• no israeli establishment is completely safe, yet the palestinians have shown they target schooling establishments (i say “palestinians” and not one specific group because both the hamass and the PLO have done this).
    as a reply to Liza R, as a resident of sweden i believe that jews in general and israeli jews in particular should stay away from the city of malmö and that in some places in sweden it’s more dangerous to live than in most of israel (for an israeli jew).
    personally, i believe that israeli universities are not that unsafe.

  • There has only been one attack at an Israeli university, Pastaman. That was a suicide bombing. It was successful, but that means that every time terrorists target one type of location then it permanently becomes off-limits to scared university administrators. Once again, this isolates Israel without regard to actual statistics and rewards terrorism while doubly harming the victim.

  • Froylein, the students can’t go on exchanges or secure funding when it is available for such exchanges. The decision is not based on facts but on fear. I repeat that it’s more dangerous to drive in Israel – which actually has an accident rate that compares favorably with Western Europe – than to be hurt in a terror attack.

  • themiddle, please re-read the last sentence i wrote. better yet, let me quote myself:
    “personally, i believe that israeli universities are not that unsafe.”
    yes, i remember that suicide bombing. still, the israeli universities, being open to ALL, have a very loud body of students which are (dare i say) muslim extremists and extreme leftists. this, as i believe, is something the israeli universities have to get rid of.
    again, i’m not saying that canceling the exchange program is a just thing, i’m just saying i understand their fear of being responsible for sending students to areas they see as “dangerous”.

  • As a semantic point, boycott seems to be generally defined as something like:

    To abstain from or act together in abstaining from using, buying, or dealing with as an expression of protest or disfavor or as a means of coercion.

    Which means that Rutgers would (a) have to do more than just cancel a program but even if we assume that Rutgers’ ONLY consumer interaction with Israel is the trip (b) they would have to have cancelled the trip as a means of protest or expression of disfavour.

    Neither seem to be true; it may be over cautious but Muffti suspects that deep down the canceling of programs stems from insurance/fear of law suit reasons rather than any anti-semitism or protest.

  • Middle, they can if they want to. One of the things young people should learn is that you don’t achieve your goals by whining. I went to live and work in Britain during my studies without partaking in an exchange programme or applying for a scholarship. I funded the whole enterprise myself through *gasp* working.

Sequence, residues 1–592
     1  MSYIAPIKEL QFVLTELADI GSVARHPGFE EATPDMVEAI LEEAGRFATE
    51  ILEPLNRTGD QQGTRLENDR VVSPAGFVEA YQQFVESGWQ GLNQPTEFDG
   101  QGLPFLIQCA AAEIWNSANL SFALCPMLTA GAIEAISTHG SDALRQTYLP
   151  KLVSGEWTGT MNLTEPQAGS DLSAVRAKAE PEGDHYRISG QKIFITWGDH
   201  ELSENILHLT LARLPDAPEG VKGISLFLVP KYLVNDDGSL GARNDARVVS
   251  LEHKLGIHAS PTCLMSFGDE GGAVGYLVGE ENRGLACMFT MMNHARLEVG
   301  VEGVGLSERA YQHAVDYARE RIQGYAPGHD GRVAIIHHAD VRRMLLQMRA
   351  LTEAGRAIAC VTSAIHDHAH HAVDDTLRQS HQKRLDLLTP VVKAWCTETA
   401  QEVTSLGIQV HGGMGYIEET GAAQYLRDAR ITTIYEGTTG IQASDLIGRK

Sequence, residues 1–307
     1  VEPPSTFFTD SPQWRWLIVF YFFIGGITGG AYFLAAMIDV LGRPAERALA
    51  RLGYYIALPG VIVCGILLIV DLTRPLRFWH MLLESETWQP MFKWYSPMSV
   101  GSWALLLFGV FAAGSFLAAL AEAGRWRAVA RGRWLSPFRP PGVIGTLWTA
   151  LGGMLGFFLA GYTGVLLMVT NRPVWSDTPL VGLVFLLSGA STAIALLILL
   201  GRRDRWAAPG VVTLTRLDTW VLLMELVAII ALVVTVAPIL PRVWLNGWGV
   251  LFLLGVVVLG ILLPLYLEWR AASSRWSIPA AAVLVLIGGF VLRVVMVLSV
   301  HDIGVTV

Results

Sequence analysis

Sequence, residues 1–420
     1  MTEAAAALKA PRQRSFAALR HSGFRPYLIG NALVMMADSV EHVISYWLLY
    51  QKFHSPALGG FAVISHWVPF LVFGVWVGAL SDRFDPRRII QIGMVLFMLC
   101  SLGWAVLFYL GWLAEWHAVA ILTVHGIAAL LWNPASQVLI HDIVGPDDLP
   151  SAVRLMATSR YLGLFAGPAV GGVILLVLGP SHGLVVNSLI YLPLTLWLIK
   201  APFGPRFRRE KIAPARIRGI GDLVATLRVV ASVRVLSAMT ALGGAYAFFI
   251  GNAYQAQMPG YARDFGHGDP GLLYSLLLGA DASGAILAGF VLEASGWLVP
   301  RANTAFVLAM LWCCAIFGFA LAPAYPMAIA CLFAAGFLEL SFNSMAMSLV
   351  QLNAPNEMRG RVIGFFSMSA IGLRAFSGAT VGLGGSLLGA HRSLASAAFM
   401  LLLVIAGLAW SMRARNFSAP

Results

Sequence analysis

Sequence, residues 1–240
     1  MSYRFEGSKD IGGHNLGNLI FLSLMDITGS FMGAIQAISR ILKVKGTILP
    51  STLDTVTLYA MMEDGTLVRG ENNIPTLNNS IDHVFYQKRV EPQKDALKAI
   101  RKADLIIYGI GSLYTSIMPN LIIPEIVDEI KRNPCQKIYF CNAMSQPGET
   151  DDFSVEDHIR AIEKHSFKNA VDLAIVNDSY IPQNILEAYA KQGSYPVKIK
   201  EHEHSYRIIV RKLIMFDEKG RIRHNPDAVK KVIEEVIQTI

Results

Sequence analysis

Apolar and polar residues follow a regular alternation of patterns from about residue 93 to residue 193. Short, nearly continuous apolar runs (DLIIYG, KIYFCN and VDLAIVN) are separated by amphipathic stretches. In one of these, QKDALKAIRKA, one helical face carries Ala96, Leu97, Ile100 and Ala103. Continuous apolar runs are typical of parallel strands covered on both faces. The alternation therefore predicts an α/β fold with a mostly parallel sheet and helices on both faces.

• I was in the school during the second intifada. They told my friend, an observant Jew, that he couldn’t go to Israel, but he could go to Egypt instead….

  • It’s not about working, Froylein, it’s that students are restricted from going to Israel to take courses for credit or enhancing their education there.

    Muffti, thanks for the dictionary definition. Is it possible, do you think, to take an action for apolitical reasons but end up with an unintended political act? Rutgers is actually putting into effect, for “safety” reasons, a de facto boycott of Israeli higher learning institutions if the work involves being in Israel.

  • Who said their (foreign) credits aren’t being acknowledged? Who is keeping them from getting experience abroad? As far as I know from setting up the tutoring network for incoming students at my university back when, American universities are pretty generous when it comes to acknowledging foreign credits, and not all incoming students came on exchange or scholarship programmes.
    It all boils down to funding and a wrong sense of entitlement, and I find it irresponsible to read more into Rutger’s actions than there is. Had there been an anti-Israeli bias, they wouldn’t have started or continued the exchange programmes to begin with.

  • Sure, it’s possible. But it’s nothing like a de facto boycott – for one thing it is simply the exchange program. There is no wide academic ban – Israeli academics are welcome at Rutgers and vice versa. So Muffti doesn’t see much of a ‘political’ act here so much as an over-cautious approach to sending kids to Israel, probably due to insurance purposes or the like.

  • I know Vice President Qualls, and I am a Jewish professional living in Highland Park and am a neighbor of his.
    I assure you his intention is not to boycott Israel, it is the safety of all of the students that he has repsonsibility for. And as he is quoted, he consulted others including the head of the Jewish studies program.
    Nor is he quoted as cancelling the program, he said he has suspended it for one term.

  • As a very active member of the Jewish academic and alternative communities, and friend of Vice President Qualls, I am infuriated by the irresponsibility of this headline, and ask that you correct it.

  • You’re offended because there is no boycott to join or because you don’t consider this a boycott?

    Can you tell us when the last suicide bombing or the last “air attack” took place in Jerusalem or Haifa? How many rockets landed on Beer Sheva where Ben Gurion U is?

    Hizbullah has vowed to hit Jewish or Israeli targets because they blame Israel for the death of one of their leaders. Israeli intelligence claims the attack is going to hit outside Israel’s borders, somewhere abroad. Should all of Rutgers’ students’ interactions with any Jewish sites, centers or events cease until Hizbullah launches an attack? After all, the attack could take place anywhere.

  • People are not afraid to go to other parts of the world were terror groups can easily be created, but of curse why support the Jewish state….. that is racist beyond words, and Israelis and Jewish people in the world feel that they are being discriminated against every single day in one way or another. Shameful, since this country is supposed to be the “melting pot” where race and origin don’t matter….but it is not the reality.